How Plants Use Carbon Dioxide to Capture Bugs – Chromatography Investigates
Oct 04 2018 Read 1857 Times
Plants are amazing. They feed us and provide the oxygen we need to live. It has also been shown that plants can communicate, both with each other to warn of predators and also with insects and bugs. A recent paper published in the Nature journal Scientific Reports - Nepenthes pitchers are CO2-enriched cavities, emit CO2 to attract prey - reports on how one group of bug eating plants use carbon dioxide to attract their prey.
Carnivorous plants - eating their prey
Nepenthes are carnivorous plants that are also known as tropical pitchers plants. There are around 170 species along with several hybrids. They originated in the Old-World tropics, in places such as South China, Malaysia and the Philippines. It is on Borneo that there is the greatest diversity with many native species. The plants grow in hot, humid areas of lowland – warm days and cool humid nights all year round help the plants to grow.
The plants have evolved a mechanism to supplement the nutrition they get from growing in nutrient poor conditions and habitats. They capture insects and other arthropods using their modified leaf tips – which look like drinking vessels or pitchers, hence the name for the plant. Once the bugs are in the pitchers they devoured by an acidic enzymatic fluid. But how do the plants attract their prey?
Attracting the prey to the pitchers
To kill and absorb their prey, pitchers have to attract the prey in the first place. It is thought that the colourful rims of the pitchers can help to attract prey, but researchers have noted that unopened pitchers have ‘a gas filled sensation’. But there have been no studies on the gas filling the pitchers.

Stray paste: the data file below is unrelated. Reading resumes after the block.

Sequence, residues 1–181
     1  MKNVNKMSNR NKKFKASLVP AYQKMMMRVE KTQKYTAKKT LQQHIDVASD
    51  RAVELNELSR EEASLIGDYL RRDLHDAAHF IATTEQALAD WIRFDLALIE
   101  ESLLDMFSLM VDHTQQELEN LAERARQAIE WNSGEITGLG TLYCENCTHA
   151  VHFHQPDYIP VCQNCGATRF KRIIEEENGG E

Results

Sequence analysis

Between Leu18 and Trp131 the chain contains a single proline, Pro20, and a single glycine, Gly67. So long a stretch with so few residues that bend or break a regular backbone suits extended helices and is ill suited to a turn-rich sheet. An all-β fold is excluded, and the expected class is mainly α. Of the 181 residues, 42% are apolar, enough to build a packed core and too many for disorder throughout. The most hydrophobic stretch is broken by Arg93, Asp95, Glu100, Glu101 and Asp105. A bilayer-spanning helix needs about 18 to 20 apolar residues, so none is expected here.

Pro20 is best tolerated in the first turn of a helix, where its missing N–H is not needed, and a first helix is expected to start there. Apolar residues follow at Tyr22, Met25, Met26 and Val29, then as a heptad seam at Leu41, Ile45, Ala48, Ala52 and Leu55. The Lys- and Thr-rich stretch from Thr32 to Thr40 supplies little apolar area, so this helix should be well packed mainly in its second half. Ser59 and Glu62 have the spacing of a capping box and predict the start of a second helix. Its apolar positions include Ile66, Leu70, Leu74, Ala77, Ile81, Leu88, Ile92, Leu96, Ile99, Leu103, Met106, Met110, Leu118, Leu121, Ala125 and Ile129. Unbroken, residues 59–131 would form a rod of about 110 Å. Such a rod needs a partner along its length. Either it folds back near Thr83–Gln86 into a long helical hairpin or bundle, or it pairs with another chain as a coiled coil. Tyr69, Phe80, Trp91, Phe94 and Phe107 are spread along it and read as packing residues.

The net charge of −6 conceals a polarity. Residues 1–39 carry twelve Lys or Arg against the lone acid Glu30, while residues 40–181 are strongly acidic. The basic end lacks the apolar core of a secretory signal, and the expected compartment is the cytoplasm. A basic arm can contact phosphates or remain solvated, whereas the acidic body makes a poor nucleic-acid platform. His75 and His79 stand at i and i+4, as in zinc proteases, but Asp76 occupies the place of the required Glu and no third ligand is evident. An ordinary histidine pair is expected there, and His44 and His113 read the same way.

Preliminary tests showed high concentrations of carbon dioxide inside the unopened pitchers, so the researchers looked closer into the role of carbon dioxide in prey capture. They analysed the gas using gas chromatography using FID, ECD and TCD detectors. Chromatography is a powerful technique that can analyse many different types of samples, some guidelines for developing methods are discussed in the article, Issues with Scaling and Method Transfer.
The researchers found that the plants released carbon dioxide through their lids as a means of attracting prey. They report:
Most insects pay special attention to ‘subtle variations’ or ‘gradients’ of CO2 in the form of plumes arising from individual point sources. Insects have well developed CO2 receptors which can detect these variations (even small variations) as a means of locating their food.
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